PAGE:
Top-5 Liquor Liberty Myths Busted!

Pennsylvanians have come together, transcending party lines, gender, economic means and all geographic regions of the state to call for an end to the state-run monopoly on wine and spirits.

But will legislators listen?

During yesterday’s floor discussion on an amendment to House Bill 11 that would end the government-run monopoly, many half-truths and myths were used against privatization.

Here are the top-5 myths from last night’s debate:

1. State-run liquor stores are a cash cow for taxpayers.

  • The Pennsylvania Liquor Control Board (PLCB) is losing money. The PLCB ended the 2011 fiscal year with negative $31 million in net assets, having lost $23 million in 2010-11. Guess who’s responsible for paying off those liabilities?
  • Every dollar the PLCB collects comes from taxpayers and consumers. More than 80 percent of the annual liquor store “profits” are generated from taxes on buyers. The rest comes from the standard “markup” the PLCB puts on every bottle they sell. Truth is: Privately-owned liquor stores would collect the same taxes.

2. Private companies selling alcohol is unsafe.

  • Despite the highest level of government control in the nation, Pennsylvania ranks higher than the national average in rates of underage drinking, underage binge drinking and overall binge drinking. The commonwealth also ranks higher than most border states in alcohol-related traffic fatalities and total alcohol-related deaths per capita.
  • The claim that the U.S. Centers for Disease Control task force provides strong evidence that privatization of liquor sales is dangerous is disingenuous at best. The “CDC study” is only a preliminary recommendation, and has not been “peer reviewed.” In fact, none of the 21 studies the task force looked at showed privatization increased DUIs, alcohol-related deaths, or underage drinking.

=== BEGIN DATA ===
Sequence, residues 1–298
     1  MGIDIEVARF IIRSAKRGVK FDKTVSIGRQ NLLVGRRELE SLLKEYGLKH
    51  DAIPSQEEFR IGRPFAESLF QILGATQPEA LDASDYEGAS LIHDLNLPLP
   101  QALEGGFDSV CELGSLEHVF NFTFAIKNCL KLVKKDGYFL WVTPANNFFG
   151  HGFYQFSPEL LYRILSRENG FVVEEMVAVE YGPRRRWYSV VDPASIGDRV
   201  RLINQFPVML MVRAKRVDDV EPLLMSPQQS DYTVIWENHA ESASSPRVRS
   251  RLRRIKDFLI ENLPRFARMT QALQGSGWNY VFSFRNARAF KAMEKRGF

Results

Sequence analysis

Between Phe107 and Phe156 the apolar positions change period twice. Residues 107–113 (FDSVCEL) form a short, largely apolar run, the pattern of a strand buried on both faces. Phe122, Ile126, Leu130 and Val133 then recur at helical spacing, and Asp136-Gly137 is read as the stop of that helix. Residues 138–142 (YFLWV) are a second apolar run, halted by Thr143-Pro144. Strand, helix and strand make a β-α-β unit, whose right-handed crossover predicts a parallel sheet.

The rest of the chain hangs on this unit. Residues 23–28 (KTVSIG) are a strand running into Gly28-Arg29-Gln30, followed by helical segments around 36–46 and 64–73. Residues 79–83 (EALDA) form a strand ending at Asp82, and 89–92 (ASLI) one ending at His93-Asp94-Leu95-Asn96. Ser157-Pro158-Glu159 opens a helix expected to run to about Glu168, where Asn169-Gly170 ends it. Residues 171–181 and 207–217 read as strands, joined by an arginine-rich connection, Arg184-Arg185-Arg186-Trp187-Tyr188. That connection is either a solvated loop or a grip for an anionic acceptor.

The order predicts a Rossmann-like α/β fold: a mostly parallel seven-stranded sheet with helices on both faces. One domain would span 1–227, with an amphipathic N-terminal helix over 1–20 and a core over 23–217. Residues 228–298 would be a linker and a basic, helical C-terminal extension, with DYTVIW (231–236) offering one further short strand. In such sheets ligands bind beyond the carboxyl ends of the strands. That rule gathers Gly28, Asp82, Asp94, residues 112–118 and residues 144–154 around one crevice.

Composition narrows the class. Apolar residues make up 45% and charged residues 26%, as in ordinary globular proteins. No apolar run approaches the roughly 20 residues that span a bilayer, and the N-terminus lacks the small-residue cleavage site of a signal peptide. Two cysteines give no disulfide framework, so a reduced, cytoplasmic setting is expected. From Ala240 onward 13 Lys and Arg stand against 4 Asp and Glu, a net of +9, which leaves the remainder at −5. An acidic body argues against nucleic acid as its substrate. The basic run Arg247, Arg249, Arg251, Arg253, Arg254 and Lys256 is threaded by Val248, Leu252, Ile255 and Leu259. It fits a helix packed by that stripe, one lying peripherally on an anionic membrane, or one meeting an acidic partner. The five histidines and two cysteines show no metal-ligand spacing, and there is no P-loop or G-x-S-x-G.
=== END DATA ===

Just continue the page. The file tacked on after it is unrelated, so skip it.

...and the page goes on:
3. The state-run stores are efficient.

4. Privatization leads to higher costs and less selection.

  • The PLCB’s own analysis found that 45 percent of drinkers would rather break the law and bootleg their wine and liquor across the borders to get better prices and selection in neighboring states.
  • The Commonwealth Foundation compared wine and spirits prices from stores in all six states bordering Pennsylvania, comparing the PLCB’s top 10 best-selling items in each price category. Average wine prices were lower in all six border states, from an average of 20 percent lower in Maryland to 3 percent lower in New Jersey. Average spirits prices were lower in Ohio, Delaware, and Maryland, but higher in West Virginia, New Jersey, and New York.

5. Border bleed is an insignificant loss to Pennsylvania.

But hey, let’s just keep the system in place, right? It’s so much better to turn your citizens into Prohibition-era bootleggers in pursuit of an otherwise legal commodity than it is to embrace free markets, create new jobs and let freedom drink

Click here to let your legislators know the truth about liquor liberty.